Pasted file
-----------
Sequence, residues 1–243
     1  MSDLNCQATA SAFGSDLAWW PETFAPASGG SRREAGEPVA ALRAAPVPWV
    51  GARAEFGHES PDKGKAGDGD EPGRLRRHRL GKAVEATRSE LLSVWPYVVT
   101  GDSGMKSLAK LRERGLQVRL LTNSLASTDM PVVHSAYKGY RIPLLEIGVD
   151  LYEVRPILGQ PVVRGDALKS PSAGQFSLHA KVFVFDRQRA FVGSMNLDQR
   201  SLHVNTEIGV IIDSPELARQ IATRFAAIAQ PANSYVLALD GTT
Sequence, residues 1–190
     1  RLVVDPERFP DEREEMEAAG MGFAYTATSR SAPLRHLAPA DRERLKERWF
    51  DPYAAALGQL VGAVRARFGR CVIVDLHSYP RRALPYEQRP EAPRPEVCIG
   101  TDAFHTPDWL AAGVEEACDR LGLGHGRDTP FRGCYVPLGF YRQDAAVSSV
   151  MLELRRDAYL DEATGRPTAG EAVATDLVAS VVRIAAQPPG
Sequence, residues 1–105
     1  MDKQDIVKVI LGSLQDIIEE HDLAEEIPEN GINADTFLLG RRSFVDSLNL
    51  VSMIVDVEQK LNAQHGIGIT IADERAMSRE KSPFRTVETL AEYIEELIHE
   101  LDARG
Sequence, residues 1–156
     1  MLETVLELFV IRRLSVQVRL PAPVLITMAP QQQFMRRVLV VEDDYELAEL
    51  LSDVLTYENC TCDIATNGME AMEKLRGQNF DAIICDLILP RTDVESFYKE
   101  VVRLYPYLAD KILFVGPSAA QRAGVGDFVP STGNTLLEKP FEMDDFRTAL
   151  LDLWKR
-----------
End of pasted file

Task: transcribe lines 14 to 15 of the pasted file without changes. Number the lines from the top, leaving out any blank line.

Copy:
    51  VSMIVDVEQK LNAQHGIGIT IADERAMSRE KSPFRTVETL AEYIEELIHE
   101  LDARG